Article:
On a hot summer afternoon in the month of April, a post-graduate student in Journalism and Mass Media from Indraprastha University, Meenal Gupta enters the swanky Gurgaon office of a prominent advertising agency for an interview that she has been called for the post of an intern. A man in his late 30s enters the visitor’s lounge and before she knows, she is already being interviewed while talking a walk towards the cabin. Meenal is impressed to see the inside of this spacious office where hardly anyone is wearing formals and people move around chattering, smiling, jokingly laughing while sipping on a cup of coffee.
She is told, “We are cool here. We do not have as such any mandatory reporting time. You can come in any time, work and leave, it’s comfortable.” The next question almost shocks her, “Do you love to drink?”
Not long ago, in the month of February, towards the end of a felicitation event at JW Marriot, Delhi, a few journalists are sipping their wine, when Arunabh Kumar of TVF walks close and says “Hello”. He makes it a point to address the female scribes while ignoring their male colleagues. He tells them, “We have a very cool office in Mumbai and the environment that we maintain is very friendly and chilled out. We have a beautiful terrace and we party almost every night. You should come and visit sometime.” The scribes tell them, “Oh you are cool, Arunabh. We really like your work.” He smiles and asks every female journalist about where they are from. He then asks them, “What are the best places to hangout in Delhi.” He takes out his phone and tries to click a picture with everyone there and asks for the female scribes’ personal contact numbers so that he may share the picture with all of them on WhatsApp. He gets it. But it is getting late- almost past 1 AM and two of the girls get a call from their cab driver who has just arrived to ferry them to their residences. Just as they are about to confirm the driver that they are coming out, Arunabh says, “Oh I am staying in the same hotel tonight. I will catch a flight to Mumbai, tomorrow.” These scribes give a last look at Arunabh, smile, say “Goodbye” and leave for their cab.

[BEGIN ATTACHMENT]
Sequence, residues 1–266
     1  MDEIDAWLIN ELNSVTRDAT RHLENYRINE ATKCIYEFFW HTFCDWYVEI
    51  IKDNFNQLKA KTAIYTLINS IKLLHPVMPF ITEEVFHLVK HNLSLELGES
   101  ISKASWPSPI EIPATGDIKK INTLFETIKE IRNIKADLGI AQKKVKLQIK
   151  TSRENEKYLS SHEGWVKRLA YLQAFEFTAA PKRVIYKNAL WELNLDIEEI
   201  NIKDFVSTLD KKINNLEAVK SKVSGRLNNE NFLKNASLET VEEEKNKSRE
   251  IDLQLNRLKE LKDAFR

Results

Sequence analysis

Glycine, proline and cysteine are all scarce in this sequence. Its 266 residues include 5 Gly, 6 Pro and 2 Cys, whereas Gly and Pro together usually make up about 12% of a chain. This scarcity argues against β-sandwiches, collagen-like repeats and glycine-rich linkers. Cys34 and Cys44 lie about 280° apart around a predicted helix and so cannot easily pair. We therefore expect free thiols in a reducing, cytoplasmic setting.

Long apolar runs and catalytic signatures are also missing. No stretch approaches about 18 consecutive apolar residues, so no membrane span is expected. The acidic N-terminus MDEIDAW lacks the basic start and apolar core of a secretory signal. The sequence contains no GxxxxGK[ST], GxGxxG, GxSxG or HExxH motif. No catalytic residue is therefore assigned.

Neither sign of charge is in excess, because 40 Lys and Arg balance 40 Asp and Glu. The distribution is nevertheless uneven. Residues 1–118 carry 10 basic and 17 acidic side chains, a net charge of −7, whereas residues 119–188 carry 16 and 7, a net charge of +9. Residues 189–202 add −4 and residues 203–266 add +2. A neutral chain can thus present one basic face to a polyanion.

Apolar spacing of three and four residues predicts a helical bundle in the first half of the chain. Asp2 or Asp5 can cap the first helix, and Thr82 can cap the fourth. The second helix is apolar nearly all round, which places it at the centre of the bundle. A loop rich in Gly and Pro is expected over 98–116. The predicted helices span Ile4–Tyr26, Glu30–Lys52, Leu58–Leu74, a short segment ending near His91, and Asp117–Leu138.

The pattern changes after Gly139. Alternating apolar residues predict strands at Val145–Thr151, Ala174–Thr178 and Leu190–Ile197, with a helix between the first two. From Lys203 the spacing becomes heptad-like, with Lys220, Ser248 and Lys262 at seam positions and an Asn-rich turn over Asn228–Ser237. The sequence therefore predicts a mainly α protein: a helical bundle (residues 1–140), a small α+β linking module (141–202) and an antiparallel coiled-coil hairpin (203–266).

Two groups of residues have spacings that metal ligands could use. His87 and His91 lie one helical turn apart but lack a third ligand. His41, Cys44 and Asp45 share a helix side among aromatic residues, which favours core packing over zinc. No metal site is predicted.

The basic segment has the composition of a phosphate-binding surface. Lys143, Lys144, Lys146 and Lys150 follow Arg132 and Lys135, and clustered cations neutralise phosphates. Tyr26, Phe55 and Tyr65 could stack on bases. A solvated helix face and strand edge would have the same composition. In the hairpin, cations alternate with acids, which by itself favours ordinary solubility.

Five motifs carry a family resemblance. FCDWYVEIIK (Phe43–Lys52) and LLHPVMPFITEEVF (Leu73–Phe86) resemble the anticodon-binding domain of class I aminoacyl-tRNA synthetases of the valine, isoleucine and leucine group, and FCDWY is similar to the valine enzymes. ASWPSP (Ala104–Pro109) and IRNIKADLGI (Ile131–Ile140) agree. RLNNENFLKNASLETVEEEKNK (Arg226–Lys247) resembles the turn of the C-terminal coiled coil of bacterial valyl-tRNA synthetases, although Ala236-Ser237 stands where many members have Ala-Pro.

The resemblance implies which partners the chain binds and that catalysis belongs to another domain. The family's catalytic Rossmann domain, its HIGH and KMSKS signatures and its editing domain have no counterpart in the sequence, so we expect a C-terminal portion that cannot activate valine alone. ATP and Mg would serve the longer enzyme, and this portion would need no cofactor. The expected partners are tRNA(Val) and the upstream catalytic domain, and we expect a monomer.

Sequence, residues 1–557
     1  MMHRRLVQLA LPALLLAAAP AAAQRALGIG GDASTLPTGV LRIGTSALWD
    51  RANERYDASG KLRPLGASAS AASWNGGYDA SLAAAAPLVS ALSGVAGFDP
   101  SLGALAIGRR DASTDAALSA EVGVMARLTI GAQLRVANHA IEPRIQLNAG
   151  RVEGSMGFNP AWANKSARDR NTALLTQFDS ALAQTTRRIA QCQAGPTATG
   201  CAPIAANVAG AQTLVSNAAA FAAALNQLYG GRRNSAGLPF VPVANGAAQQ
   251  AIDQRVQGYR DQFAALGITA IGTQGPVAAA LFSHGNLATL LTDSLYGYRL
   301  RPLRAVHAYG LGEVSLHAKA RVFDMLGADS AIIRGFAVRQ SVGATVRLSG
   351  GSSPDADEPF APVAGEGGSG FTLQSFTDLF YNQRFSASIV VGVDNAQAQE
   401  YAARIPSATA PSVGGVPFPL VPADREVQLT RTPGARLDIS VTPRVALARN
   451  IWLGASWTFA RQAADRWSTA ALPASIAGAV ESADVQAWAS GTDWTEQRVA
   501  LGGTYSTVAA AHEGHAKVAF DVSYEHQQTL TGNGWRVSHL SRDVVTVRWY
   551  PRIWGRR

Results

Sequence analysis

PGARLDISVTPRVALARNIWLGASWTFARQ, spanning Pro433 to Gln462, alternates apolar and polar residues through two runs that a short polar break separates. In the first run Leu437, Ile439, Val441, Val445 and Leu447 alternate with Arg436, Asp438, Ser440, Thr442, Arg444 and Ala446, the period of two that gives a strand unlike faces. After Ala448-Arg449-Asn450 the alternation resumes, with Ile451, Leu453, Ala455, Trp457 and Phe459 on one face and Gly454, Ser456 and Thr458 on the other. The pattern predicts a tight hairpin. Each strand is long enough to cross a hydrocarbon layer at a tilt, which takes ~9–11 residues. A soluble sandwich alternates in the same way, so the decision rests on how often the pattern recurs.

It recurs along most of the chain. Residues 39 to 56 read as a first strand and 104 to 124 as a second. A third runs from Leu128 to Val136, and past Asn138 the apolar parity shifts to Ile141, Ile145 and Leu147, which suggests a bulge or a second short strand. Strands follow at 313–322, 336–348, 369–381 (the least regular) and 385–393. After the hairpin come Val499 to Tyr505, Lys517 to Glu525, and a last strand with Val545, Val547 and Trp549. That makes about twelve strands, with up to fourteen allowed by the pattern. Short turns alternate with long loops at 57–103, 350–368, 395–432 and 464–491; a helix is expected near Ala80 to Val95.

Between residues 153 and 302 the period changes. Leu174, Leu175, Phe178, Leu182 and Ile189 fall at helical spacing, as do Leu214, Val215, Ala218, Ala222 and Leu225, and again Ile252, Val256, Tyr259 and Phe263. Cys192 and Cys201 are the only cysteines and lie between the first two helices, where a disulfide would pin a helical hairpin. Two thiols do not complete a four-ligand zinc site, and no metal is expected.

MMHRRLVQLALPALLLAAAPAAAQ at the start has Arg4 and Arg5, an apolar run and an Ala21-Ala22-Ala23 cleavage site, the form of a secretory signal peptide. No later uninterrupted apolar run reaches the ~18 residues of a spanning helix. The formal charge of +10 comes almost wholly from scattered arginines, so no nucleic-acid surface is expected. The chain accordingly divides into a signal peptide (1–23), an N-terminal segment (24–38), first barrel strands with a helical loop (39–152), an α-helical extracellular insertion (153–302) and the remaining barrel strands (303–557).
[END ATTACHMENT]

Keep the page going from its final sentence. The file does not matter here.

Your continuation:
The fact is that he is the same ‘TVF guy’ who has been accused by more than 5 women of sexual overtures. However, a more alarming fact is that none of them came out before one of TVF’s employees narrated her story in an online post, mind it- anonymously. It was only then that a few other women came out and shared their own tales, this time, with their real identities.
The fear of losing a job, being branded as woman of loose character and generally, bad publicity are a few things that women in corporate today face but have to silently bear as a part of the male chauvinistic society that dominates even at the workplace. It is a new trend in the corporate India where a few companies are trying to challenge the formal set up and the new generation is only liking it from the outside, the relaxed environment these workplaces offer. But the question arises, is it not too far? If a very stringent and formal environment gets too stifling for employees, a completely opposite, outward and excessively ‘cool’ environment might too get a little uncomfortable for some of them who by nature, are not so outgoing. The post from ‘Indian Fowler’ read, “Right from Pitchers to Tripling, I was molested. Be it in parties where Arunabh would try to lift me or would try and fall on me pretending he is drunk.” She wrote that one night, he apparently made such strong advances that she had to lock herself up in the office bathroom until he went away.
In the personal capacity and the opinion of this scribe, the first instance where an intern gets asked about her drinking habits, the interviewer is just interested to know if she is good enough a hook up to taken into his office, just like the case with TVF, where under the garb of a ‘cool’ workplace, what Arunabh was running was a place to harass and persuade unsuspecting women of sexual demeanor. Such ultra-cool workplaces are as bad as an over-imposing and stifling office. The only way forward is a work culture that is based on humanism and equal opportunity while both genders enjoy the comfort of their own rights and limitations.
Note – The real name of the respondent and the name of the Ad agency have been withheld to avoid any inconvenience to the respondent.